Music for Class: Karole Armitage

Music for contemporary ballet

Armitage Gone! Dance director Karole Armitage at work

Nicknamed the “punk ballerina,” Karole Armitage, artistic director of Armitage Gone! Dance, makes work rooted in the ballet vocabulary, accented with modern’s grounded, off-kilter sensibilities. It’s a taste she developed from her contrasting performance career with the Ballet du Grand Théâtre de Genève in Switzerland and the Merce Cunningham Dance Company. “I’ve always been interested in taking the classical form into new dimensions,” she says, “using the intellectual ideas of modern dance and the refinement and virtuosity of ballet, and thinking about the geometry of dance beyond horizontal and linear lines.”

Armitage, who has also created work on companies including The Washington Ballet, Paris Opéra Ballet and Alvin Ailey American Dance Theater, maps out much of her choreography before she steps foot into her company’s rehearsal space in Jersey City, New Jersey. “I try to give it a great deal of thought before I get in the studio, and I will have a pretty good sense of structure and vocab,” she says. Still, much of it is flipped upside down once it is put onto the dancers’ bodies. “The energy the dancers bring to the choreography makes me see it in a different way. They help reinvent it. Embroider it. Create themes and variations. Turn solos into duets,” she says. “Suddenly, everything I began with gets thrown out the window.” DT

Artist: Bobby Watson

Album: Quiet As It’s Kept

“He turns music into a prism—you’re hearing it up close and from far away, right, left and bottom. It’s an inspiring way to look at music as a choreographer and really opens the way I think about using space.”

 

 

Composer: Roberto De Simone

Album: Made in Naples

“This 14th-century music mixes Arabic, Roman and Norman influences. It’s so full of guts and life. I love listening to that because it unleashes a primal side that’s raw, visceral and deeply human.”

 

 

Composer: Béla Bartók

Work: Music for Strings, Percussion and Celesta

“Bartók made music in a way unlike anyone else has. It’s so dramatic, yet so pure. He builds to such extreme crescendos. It’s useful to understand how, as a choreographer, you can push drama and tension.”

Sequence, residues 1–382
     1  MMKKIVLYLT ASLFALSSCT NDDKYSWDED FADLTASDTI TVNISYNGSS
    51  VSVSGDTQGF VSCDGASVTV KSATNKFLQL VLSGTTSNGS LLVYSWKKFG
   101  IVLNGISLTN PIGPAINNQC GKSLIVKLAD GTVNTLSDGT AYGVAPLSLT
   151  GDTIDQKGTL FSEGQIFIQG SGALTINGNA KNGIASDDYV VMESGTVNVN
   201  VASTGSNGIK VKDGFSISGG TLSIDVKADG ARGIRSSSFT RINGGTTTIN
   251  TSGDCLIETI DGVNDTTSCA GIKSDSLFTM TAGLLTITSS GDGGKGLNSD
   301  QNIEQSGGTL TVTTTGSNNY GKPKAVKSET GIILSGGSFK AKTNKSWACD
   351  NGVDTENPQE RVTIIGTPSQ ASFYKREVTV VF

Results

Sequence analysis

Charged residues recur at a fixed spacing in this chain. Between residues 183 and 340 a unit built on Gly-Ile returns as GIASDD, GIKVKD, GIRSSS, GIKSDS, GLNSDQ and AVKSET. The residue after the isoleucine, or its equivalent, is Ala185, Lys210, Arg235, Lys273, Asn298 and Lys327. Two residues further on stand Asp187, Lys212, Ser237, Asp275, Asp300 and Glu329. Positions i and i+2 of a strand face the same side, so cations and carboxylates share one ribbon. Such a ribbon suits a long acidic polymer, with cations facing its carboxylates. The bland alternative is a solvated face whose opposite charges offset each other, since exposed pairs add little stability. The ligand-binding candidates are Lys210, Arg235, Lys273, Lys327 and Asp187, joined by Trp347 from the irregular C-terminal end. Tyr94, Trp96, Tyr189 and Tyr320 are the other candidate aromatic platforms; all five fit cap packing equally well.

Artist: Kanye West

Album: My Beautiful Dark Twisted Fantasy

“Kanye is just delicious. I don’t really listen to it for the words, but for the music and rhythms. It’s so inventive because of its drive, which gives you so much energy.”

 

 

Artist: Fela Kuti

Album: Chop ’N’ Quench

“I love African pop music because there’s so much extraordinary work in it. The way the melody and rhythms work together sort of takes you to a transcendent place where you can just let go.”

 

 

Photo by Kyle Froman

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Photo by Yvonne M. Portra, courtesy Faulkner

It's a Wednesday in May, and 14 Stanford University advanced modern ­dance students are logged on to Zoom, each practicing a socially distanced duet with an imaginary person. "Think about the quality of their personality and the type of duet you might have," says their instructor Katie Faulkner, "but also their surface area and how you'd relate to them in space." Amid dorm rooms, living rooms, dining rooms and backyards, the dancers make do with cramped quarters and dodge furniture as they twist, curve, stretch and intertwine with their imaginary partners.

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Securing the correct music licensing for your studio is an important step in creating a financially sound business. "Music licensing is something studio owners seem to either embrace or ignore completely," says Clint Salter, CEO and founder of the Dance Studio Owners Association. While it may seem like it's a situation in which it's easier to ask for forgiveness rather than permission—that is, to wait until you're approached by a music-rights organization before purchasing a license—Salter disagrees, citing Peloton, the exercise company that produces streaming at-home workouts. In February, Peloton settled a music-licensing suit with the National Music Publishers' Association out-of-court for an undisclosed amount. Originally, NMPA had sought $300 million in damages from Peloton. "It can get extremely expensive," says Salter. "It's not worth it for a studio to get caught up in that."

As you continue to explore a hybrid online/in-person version of your class schedule, it's crucial that your music licenses include coverage for livestreamed instruction—which comes with its own particular requirements. Here are some answers to frequently asked questions about music licensing—in both normal times and COVID times—as well as some safe music bets that won't pose any issues.

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A 2019 Dancewave training. Photo by Effy Grey, courtesy Dancewave

By now, most dance educators hopefully understand that they have a responsibility to address racism in the studio. But knowing that you need to be actively cultivating racial equity isn't the same thing as knowing how to do so.

Of course, there's no easy answer, and no perfect approach. As social justice advocate David King emphasized at a recent interactive webinar, "Cultivating Racial Equity in the Classroom," this work is never-ending. The event, hosted by Dancewave (which just launched a new racial-equity curriculum) was a good starting point, though, and offered some helpful takeaways for dance educators committed to racial justice.

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